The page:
Story of a Studio Owner: Part 2
Jasen Arias is a co-owner of Studio Moirae, a leading Phoenix based Studio offering outstanding photography services to discerning clients, all over the Phoenix area.
OK, so its been a couple weeks since I first posted about us starting up a studio and gave out a bit of advice on how to find a space, what to look for and what to watch out for. So whats next? Next is taking the studio from bland to bam!! BUT FIRST!
DISCLAIMER: Everything that I'm going to put out there is only based on the experience that we had. At this point I have no idea what we have done right or what we have completely screwed up. But never the less, it's how we have gone from point A to point B. I think some of it might be good advice or tips to know about, but anyone that decides to tackle this monster will have different experiences. I'm sure of it. Also! This is not business advice! There are no tips on creating a business plan or how much to have in savings or anything like that. This is how we went from finding a spot to opening the doors.
AGAIN, this is a multi-part write up, so make sure you check the first one here , and watch for the next.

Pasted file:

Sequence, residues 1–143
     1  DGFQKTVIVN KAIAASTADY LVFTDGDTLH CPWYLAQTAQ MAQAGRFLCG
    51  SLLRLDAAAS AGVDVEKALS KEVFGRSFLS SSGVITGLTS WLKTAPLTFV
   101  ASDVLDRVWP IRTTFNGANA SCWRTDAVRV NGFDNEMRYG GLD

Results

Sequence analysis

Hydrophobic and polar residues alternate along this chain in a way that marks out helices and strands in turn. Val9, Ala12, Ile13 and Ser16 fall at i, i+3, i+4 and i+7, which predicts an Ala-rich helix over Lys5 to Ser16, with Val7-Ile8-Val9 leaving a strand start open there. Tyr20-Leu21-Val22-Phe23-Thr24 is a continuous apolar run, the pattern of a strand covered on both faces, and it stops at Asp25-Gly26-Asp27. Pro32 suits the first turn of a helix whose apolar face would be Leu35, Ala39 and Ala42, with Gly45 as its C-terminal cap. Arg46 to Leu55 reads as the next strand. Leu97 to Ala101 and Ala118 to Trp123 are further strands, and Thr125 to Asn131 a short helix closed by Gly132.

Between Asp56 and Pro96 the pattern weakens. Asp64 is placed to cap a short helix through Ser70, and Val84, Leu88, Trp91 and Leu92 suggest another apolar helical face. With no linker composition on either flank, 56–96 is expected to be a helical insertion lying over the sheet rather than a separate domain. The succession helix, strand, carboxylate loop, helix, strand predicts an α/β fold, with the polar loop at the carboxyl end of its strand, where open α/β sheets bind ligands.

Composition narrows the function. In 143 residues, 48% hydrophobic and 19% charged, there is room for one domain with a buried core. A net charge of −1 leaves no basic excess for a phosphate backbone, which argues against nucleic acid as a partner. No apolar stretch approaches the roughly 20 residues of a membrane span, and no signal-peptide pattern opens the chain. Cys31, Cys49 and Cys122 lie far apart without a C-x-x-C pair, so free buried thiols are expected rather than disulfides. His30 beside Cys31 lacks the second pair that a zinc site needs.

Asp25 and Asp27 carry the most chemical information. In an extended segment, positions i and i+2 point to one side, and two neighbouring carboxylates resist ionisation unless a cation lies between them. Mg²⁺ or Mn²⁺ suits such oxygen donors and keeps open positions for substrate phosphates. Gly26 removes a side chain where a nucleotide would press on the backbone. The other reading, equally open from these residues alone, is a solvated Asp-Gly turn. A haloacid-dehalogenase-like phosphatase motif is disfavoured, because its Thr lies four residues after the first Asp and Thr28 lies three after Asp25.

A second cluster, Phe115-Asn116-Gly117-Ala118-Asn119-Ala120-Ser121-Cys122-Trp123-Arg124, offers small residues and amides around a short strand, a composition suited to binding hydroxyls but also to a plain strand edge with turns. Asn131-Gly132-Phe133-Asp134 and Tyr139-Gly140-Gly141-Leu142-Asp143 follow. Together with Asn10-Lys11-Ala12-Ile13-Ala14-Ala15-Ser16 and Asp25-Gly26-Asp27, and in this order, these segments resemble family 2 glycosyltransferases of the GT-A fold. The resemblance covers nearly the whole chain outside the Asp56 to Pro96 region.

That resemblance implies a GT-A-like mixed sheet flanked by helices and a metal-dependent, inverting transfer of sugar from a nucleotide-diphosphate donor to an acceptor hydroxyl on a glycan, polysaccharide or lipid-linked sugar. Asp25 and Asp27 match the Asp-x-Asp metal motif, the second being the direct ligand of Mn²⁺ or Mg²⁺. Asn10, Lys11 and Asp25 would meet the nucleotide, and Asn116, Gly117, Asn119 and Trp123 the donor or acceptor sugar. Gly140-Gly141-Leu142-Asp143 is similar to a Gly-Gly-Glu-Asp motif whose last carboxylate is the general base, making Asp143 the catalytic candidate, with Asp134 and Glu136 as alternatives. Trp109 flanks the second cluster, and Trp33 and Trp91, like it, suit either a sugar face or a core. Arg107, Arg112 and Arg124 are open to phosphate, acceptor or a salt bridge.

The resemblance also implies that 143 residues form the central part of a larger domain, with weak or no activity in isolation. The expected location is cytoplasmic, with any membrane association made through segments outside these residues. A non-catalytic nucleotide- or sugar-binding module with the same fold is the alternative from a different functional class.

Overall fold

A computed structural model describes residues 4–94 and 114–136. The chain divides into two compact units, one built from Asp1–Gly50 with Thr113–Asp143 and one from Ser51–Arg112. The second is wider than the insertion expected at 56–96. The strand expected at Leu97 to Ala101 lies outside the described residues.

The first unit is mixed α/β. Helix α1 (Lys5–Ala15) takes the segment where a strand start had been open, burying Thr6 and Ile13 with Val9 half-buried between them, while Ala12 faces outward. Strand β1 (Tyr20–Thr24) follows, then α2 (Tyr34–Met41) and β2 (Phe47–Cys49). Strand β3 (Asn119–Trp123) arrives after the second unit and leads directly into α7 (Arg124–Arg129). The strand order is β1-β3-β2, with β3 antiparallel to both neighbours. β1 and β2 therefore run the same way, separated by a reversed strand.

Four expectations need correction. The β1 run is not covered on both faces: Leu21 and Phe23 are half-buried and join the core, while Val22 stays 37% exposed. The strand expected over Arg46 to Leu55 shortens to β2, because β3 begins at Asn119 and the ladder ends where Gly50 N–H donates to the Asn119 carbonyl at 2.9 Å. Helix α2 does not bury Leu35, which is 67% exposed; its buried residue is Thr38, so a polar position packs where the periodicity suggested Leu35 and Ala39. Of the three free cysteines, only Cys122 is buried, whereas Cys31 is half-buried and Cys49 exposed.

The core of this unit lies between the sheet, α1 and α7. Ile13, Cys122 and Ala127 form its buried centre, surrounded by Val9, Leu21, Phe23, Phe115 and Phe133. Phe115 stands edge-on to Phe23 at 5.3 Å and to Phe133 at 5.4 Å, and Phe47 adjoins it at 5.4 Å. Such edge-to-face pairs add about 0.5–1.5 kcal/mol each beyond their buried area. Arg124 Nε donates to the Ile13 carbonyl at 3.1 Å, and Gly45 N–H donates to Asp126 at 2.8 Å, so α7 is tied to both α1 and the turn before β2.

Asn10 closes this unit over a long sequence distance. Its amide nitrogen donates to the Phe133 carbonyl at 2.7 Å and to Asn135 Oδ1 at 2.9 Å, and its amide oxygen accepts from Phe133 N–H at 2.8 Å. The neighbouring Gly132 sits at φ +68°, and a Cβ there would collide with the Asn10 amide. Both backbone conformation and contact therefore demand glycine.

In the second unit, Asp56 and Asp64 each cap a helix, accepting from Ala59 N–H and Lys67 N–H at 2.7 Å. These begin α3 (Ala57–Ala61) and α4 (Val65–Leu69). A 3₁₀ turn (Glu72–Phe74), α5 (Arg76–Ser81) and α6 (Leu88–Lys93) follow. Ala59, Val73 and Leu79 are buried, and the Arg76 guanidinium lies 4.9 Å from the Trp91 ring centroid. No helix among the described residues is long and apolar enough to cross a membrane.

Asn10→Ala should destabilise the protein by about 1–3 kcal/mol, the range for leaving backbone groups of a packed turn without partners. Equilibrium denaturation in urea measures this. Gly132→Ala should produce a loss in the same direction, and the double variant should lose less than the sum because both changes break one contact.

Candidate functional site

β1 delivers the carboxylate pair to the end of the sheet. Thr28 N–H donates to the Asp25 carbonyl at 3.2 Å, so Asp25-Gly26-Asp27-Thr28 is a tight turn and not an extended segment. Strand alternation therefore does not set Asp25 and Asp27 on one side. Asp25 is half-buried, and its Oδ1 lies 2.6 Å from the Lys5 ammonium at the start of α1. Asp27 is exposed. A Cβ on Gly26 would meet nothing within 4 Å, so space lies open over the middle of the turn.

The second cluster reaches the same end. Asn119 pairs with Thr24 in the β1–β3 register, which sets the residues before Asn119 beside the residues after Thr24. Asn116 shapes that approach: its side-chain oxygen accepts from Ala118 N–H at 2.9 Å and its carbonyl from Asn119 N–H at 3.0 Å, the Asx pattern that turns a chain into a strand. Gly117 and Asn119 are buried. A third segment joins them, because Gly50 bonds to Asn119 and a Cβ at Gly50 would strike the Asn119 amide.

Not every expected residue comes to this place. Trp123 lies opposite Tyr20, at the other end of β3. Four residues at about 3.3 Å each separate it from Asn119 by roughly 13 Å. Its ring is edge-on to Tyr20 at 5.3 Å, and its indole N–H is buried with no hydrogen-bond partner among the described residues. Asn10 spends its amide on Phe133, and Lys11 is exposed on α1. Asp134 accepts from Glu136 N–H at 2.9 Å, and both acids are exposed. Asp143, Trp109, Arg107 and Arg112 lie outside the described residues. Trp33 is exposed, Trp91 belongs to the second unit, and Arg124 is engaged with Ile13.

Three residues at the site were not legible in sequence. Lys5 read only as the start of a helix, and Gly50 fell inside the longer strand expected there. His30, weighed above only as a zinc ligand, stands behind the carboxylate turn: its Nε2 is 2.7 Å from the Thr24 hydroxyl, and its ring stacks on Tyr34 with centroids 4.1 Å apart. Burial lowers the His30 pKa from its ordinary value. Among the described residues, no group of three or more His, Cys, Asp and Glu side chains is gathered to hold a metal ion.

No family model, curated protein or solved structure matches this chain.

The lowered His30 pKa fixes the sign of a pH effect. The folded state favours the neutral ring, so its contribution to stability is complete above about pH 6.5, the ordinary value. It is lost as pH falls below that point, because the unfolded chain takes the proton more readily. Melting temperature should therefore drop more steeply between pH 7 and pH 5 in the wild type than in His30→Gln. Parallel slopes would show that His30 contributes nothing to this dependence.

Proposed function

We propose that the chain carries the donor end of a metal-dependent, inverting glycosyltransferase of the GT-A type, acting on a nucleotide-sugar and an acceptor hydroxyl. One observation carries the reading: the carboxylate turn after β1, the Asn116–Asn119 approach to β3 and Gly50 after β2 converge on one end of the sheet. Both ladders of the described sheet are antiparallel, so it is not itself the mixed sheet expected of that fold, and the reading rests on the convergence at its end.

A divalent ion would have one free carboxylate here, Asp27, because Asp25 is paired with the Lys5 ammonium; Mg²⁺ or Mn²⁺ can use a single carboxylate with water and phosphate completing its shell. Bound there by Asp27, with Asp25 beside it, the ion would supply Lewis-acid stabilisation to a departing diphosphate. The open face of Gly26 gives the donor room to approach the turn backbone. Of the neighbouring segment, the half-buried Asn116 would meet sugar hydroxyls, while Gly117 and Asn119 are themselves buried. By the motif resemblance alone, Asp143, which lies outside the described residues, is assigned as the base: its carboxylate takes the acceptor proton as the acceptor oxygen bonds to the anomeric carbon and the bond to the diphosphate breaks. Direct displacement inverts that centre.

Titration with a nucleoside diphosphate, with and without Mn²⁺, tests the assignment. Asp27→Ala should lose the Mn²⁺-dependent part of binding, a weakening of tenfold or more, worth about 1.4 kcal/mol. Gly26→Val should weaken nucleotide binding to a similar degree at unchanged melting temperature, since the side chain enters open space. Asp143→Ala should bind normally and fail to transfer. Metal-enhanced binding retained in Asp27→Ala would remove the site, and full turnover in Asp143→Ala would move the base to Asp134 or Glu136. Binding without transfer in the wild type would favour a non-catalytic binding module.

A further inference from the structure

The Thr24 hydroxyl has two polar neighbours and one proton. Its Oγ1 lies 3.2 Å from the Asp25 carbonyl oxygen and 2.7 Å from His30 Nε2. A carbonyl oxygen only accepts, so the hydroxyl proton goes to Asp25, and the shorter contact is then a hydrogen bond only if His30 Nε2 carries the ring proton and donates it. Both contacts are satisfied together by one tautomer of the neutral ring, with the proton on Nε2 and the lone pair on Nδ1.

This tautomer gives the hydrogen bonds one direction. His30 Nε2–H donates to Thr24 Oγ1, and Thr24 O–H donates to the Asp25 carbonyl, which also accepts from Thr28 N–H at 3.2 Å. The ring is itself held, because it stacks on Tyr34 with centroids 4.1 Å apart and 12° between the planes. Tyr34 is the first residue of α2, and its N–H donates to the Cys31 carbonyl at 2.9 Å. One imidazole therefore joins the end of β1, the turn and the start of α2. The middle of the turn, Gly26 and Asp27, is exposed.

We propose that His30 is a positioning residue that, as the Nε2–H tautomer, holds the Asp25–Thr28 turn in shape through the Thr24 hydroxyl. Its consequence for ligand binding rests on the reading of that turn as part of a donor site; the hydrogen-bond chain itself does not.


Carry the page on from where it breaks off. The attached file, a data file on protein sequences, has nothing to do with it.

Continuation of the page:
OK, so welcome to the first gray area of your new studio. Assuming that you aren't just going to come in, throw some paint and sweep the floors, you are most likely going to need a construction permit. NOW, do many people perform work without a permit? Yes. Should you? No. Did We?. . . .Maybe. Should you? Depends.
Look, it comes down to this. At any point the city may notice that you are demolishing or constructing in your space, and that's illegal to do with out a permit. Not just in a commercial space. Anywhere! If you plan on tearing down drywall or installing drywall/electrical/plumbing/mechanical/etc you need a permit. The reason people start to short cut this step is because it takes time, it takes drawings, and it takes money. Many of which people don't want to give up. But if you get caught, there can be fines and I have even know the city to drag their feet while reviewing drawings for a space that has already started. So, I warn you now, use caution on how you decide to proceed here.